Three months ago, three million cases of COVID-19 had been reported to WHO, and more than 200,000 deaths. Since then, the number of cases has increased more than fivefold to 17.5 million, and the number of deaths has more than tripled, to 680,000.

A survey of responses from 103 countries between mid-May and early July found that 67 per cent of countries report disruption in family planning and contraception services.

More than half of countries reported disruption in antenatal care services and more than a third of countries reported disruption in childbirth services.

“On top of the health impact, we have seen the damage COVID-19 has caused socially, economically and politically. The Committee put forward a number of recommendations for countries to continue to implement to bring the virus under control” stated WHO director-general Dr Tedros.

Recommendations range from sharing best practice, to enhancing political commitment and leadership for national strategies and localized response activities driven by science, data, and experience.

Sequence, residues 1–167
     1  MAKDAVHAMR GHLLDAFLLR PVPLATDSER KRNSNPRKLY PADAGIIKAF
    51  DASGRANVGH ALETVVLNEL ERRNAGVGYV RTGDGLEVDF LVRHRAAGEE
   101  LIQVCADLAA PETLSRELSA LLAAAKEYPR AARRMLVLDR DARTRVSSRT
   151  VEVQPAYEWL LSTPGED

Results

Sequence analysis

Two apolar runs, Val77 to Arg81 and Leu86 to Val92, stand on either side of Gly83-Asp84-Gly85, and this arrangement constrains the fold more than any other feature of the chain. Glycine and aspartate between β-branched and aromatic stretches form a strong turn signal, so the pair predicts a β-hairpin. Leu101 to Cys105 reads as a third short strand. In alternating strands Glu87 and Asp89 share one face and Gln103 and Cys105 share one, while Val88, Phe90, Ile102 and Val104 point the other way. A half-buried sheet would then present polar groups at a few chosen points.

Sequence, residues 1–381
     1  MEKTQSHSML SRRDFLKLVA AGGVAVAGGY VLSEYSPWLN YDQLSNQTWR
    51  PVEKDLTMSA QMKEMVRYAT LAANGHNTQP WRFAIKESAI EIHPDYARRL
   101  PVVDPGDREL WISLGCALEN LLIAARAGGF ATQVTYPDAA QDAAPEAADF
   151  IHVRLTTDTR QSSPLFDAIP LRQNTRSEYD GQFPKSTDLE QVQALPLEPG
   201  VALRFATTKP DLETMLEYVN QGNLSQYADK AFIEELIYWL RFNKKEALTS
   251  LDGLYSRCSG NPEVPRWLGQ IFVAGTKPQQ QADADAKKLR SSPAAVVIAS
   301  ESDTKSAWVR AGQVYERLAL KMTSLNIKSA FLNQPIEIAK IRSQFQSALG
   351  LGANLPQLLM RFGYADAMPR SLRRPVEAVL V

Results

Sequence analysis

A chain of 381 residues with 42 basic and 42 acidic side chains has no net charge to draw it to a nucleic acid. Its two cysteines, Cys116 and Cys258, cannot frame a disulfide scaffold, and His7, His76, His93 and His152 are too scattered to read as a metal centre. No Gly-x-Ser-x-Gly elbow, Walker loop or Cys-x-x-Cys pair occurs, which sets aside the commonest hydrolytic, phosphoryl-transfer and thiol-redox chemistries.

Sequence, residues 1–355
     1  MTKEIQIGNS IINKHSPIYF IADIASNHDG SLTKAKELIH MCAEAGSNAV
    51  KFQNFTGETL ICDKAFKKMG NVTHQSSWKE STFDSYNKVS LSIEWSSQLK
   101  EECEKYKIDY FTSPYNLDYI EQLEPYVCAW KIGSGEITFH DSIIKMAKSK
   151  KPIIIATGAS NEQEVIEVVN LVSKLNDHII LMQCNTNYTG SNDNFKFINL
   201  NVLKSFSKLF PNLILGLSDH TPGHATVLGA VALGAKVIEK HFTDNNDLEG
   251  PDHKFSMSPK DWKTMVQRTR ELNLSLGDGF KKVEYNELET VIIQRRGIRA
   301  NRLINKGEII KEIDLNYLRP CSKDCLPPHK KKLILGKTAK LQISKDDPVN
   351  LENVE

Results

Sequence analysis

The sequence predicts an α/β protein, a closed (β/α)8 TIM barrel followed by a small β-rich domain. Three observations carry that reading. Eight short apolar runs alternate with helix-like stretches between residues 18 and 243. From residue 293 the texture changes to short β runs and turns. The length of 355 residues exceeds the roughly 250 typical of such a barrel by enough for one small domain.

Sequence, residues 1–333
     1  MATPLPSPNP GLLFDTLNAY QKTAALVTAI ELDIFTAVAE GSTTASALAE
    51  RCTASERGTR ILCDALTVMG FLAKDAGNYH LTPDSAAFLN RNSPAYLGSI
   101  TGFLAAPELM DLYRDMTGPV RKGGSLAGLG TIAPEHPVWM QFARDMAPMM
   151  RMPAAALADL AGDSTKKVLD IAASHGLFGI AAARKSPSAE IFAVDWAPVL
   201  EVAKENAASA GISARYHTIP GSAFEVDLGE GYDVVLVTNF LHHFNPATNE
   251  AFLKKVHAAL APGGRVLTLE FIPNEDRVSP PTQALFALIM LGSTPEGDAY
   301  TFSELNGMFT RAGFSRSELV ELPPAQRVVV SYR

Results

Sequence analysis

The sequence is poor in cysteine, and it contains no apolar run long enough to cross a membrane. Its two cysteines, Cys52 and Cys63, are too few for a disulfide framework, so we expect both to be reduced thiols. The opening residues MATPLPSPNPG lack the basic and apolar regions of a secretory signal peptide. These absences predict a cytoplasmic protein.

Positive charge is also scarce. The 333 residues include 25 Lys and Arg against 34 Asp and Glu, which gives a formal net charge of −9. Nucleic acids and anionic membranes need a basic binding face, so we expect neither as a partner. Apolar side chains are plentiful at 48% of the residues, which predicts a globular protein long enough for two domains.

A number of vaccines are now in phase three clinical trials and WHO hope’s to have a number of effective vaccines that can help prevent people from infection.

The WHO advance team that travelled to China has now concluded its mission to lay the groundwork for further joint efforts to identify the virus origins.

As a result of these efforts, WHO and Chinese experts have drafted the Terms of Reference for the studies and programme of work for an international team, led by WHO. The international team will include leading scientists and researchers from China and around the world.

Epidemiological studies will begin in Wuhan to identify the potential source of infection of the early cases. Evidence and hypotheses generated through this work will lay the ground for further, longer-term studies.